By the whole picture Charlie Manuel means the coaching staff and by get better he means fire a Phillies coach. A little logic suggests that is all he could possibly mean. So, unless Charlie has some major changes in store for hot dog vendors or the clubhouse cleaning crew in 2013, one of the Phillies coaches will most likely be fired after the season.
"Sometimes in this game, there comes a time when changes are good," Manuel said. "Who it is, it doesn't matter.” Sounds like a little coach’s roulette to me.
"You have to take anything into consideration that you think will help you. Trying stuff sometimes is definitely not bad. That's how I look at it."
My money is on Greg Gross, but maybe Charlie has his mind set on the guy who Hunter Pence squashed.
Vance Worley’s season is over before it needs to be. Shouldn’t that be big news?
Vance Worley was set to have off season surgery to remove loose bodies from his elbow, but the Phillies decided to have the surgery right now for, well, no real reason at all. You probably paid the announcement little attention due to the Phillies masterful job of burying the story.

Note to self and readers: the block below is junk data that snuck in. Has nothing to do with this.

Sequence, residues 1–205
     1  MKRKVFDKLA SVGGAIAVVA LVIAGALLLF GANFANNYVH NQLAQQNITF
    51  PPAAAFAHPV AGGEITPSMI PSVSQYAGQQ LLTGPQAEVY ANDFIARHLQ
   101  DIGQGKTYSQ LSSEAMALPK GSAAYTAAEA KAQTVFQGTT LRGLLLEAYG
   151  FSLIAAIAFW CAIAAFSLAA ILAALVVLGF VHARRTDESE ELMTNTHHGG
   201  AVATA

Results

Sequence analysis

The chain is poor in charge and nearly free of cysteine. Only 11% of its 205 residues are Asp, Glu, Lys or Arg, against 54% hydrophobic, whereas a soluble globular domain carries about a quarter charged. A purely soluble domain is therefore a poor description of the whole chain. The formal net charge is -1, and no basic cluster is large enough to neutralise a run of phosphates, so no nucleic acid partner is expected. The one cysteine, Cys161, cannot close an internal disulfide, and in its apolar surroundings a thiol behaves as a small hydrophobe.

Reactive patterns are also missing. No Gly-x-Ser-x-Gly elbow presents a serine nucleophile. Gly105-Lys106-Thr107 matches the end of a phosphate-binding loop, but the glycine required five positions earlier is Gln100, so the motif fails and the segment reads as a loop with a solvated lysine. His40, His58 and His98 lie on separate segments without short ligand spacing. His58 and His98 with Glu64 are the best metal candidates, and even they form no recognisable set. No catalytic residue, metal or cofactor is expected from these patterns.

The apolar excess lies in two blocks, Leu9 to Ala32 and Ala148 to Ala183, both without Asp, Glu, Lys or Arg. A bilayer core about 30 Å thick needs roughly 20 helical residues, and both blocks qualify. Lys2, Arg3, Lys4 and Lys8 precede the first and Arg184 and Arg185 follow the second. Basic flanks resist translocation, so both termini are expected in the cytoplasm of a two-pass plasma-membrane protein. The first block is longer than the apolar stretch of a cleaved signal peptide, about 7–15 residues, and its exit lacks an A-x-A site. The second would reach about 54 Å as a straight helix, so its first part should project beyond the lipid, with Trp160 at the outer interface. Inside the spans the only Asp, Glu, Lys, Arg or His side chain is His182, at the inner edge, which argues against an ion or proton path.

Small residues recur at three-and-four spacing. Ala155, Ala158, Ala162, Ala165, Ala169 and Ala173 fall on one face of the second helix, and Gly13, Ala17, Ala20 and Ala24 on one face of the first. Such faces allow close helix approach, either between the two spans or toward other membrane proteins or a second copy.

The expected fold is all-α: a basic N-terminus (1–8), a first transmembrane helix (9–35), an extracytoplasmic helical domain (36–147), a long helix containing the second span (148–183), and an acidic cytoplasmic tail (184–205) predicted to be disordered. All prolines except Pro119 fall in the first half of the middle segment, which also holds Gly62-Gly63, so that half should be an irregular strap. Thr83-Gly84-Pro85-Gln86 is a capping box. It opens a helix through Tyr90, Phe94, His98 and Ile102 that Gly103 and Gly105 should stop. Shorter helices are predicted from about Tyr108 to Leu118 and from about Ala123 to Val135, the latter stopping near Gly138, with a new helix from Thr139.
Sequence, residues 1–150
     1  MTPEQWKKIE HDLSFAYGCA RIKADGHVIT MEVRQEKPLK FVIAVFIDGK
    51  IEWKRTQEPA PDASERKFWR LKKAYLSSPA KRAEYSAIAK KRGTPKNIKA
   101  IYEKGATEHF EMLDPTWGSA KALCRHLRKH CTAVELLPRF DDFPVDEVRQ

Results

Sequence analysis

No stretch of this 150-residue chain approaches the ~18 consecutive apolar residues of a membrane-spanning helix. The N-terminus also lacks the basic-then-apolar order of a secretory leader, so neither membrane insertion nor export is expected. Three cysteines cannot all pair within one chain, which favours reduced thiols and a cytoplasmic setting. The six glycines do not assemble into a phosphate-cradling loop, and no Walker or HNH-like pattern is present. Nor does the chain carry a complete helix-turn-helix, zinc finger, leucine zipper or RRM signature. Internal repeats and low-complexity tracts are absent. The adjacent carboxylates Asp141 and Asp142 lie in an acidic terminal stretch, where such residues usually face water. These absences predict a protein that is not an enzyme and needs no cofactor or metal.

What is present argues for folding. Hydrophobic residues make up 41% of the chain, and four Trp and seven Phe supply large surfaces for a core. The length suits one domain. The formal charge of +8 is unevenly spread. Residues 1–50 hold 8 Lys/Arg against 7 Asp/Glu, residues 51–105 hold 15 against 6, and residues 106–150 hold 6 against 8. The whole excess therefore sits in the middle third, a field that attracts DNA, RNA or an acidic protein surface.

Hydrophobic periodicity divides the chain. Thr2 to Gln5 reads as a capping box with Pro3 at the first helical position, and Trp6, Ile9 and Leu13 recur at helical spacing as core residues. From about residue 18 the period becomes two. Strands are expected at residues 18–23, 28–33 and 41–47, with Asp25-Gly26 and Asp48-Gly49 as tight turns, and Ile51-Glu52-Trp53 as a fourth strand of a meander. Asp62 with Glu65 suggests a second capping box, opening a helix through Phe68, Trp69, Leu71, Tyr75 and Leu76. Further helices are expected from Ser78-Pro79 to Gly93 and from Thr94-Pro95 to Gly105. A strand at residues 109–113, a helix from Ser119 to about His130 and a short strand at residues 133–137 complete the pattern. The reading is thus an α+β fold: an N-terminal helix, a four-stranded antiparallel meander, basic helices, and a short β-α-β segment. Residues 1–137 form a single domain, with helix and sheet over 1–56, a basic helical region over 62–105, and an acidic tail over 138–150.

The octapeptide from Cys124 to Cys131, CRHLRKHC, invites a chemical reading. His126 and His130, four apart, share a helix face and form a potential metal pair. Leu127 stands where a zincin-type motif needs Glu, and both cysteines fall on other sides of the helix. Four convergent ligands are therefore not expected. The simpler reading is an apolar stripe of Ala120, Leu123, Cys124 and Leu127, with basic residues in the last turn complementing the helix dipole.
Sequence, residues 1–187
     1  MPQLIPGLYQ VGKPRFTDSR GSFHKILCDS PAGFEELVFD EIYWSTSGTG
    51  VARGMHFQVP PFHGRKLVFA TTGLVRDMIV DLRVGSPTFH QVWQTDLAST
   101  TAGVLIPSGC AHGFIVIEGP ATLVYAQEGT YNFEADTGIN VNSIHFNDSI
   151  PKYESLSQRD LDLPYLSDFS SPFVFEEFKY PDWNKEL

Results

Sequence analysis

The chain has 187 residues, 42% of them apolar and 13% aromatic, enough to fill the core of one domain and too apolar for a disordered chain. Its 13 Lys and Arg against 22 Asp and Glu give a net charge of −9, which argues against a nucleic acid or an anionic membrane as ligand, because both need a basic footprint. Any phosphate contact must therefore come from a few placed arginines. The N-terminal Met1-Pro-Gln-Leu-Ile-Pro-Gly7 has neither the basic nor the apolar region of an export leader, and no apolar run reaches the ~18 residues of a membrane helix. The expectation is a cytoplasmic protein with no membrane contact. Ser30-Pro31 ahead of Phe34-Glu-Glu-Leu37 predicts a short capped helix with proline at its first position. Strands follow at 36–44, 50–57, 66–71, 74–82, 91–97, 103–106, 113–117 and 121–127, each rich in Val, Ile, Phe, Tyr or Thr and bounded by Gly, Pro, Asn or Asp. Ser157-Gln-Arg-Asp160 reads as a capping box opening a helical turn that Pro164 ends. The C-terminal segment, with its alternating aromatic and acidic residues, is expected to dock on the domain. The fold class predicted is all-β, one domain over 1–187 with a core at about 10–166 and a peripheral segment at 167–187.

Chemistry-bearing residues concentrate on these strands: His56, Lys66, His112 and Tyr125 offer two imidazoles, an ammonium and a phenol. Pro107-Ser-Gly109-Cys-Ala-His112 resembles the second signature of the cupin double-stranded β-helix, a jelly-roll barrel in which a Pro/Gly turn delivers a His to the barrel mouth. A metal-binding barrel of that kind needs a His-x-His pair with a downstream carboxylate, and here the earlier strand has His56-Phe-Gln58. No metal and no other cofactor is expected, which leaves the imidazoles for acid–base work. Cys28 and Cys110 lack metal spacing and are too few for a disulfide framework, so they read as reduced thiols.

See, the Vance Worley story just so happened to come out on the same day that Utley was “unexpectedly” caught fielding ground balls, Cole Hamels developed a sudden gastrointestinal illness, Tyler Cloyd made his major league debut, and a day before Rollins was benched for not hustling. Awfully big coincidence or a giant cover-up? Hmmm, that’s actually pretty juicy.
It’s doubtful Oliver Stone will be directing a movie based on this conspiracy, but at the bottom of all the rubble is a troubling development which needs to be addressed.